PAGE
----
by NNDB: H. P. Blavatsky, also known as Madame Blavatsky or HPB, is best known as the co-founder of Theosophy and as the author of such esoteric classics as Isis Unveiled (1877), The Secret Doctrine(1888), Key to Theosophy (1889), as well as her highly praised work on Buddhism, The Voice of Silence (1889). In pulling together and systemizing a wealth of information on spiritualism and the occult, Blavatsky claimed to be guided by “The Brothers”, advanced spiritual teachers from a higher plane of being. Critics argued that she merely ripped off already existing works, ancient and modern, without giving any credit to the original authors. Blavatsky also claimed, at times, to also have highly developed psychic powers, but she was accused of fraud several times due to her tendency to bolster with trickery whatever gifts she did, or did not, possess. Nonetheless her teachings profoundly affected the thinking of such notables as Mahatma Gandhi, James Joyce, and William Butler Yeats. Furthermore the activities of her Theosophical Society did much to bring positive awareness of Eastern religions to Europe and other parts of the Western world. Blavatsky and other theosophists are also given special praise in India and Sri Lanka for their efforts to re-popularize both Hinduism and Buddhism within those nations.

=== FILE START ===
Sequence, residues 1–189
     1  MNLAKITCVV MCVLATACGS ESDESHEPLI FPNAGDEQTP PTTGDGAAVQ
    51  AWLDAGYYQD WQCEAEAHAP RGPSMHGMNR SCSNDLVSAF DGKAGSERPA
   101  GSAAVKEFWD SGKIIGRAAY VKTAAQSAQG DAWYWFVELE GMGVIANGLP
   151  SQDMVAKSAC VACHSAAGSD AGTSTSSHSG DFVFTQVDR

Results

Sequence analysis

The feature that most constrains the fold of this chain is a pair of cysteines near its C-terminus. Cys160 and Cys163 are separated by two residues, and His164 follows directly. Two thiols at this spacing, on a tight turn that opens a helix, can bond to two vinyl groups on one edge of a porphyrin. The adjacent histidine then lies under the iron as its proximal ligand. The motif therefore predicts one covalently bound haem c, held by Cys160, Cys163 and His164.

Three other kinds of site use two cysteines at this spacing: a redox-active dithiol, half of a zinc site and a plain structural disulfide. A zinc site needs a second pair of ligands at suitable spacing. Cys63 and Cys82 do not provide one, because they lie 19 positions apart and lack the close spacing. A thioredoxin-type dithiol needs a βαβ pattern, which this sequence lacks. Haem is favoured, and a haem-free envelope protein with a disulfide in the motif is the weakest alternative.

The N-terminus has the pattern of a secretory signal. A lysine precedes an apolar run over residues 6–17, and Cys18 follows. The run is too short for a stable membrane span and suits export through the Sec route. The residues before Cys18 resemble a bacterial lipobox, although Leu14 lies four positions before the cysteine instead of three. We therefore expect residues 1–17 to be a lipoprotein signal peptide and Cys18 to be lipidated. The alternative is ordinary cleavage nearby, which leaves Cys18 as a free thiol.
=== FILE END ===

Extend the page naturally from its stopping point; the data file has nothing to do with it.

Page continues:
H. P. Blavatsky was born Helena Petrovna Hahn on 12 August 1831 in Ekaterinoslav, Ukraine. Her father, Peter Alexeivich von Hahn, was a colonel in the Russian army, while her mother, Helena Andreyvna Fadeyev, was an accomplished novelist. Both parents were often preoccupied with their various career duties, so much of young Helena’s upbringing was left to servants. She became neurotic, demanding, and prone to fits of temper. From the servants she imbibed all manner of peasant superstitions, often claiming to see and command strange beings. When given offense she often threatened to bring the wrath of supernatural beings down upon whoever opposed her. Her threats and fury once so terrified a fourteen-year-old peasant boy that he fell into a river and drowned. Favorite pastimes included lulling pigeons into a hypnotic stupor by stroking them; such was the charismatic quality of her tremendous imagination that other children often became entirely caught up in her stories, claiming to see before them the very things that she described. In addition she had a tendency to wander and talk in her sleep. Not surprisingly, the servants became convinced that possessed supernatural powers, and before long young Helena agreed with them.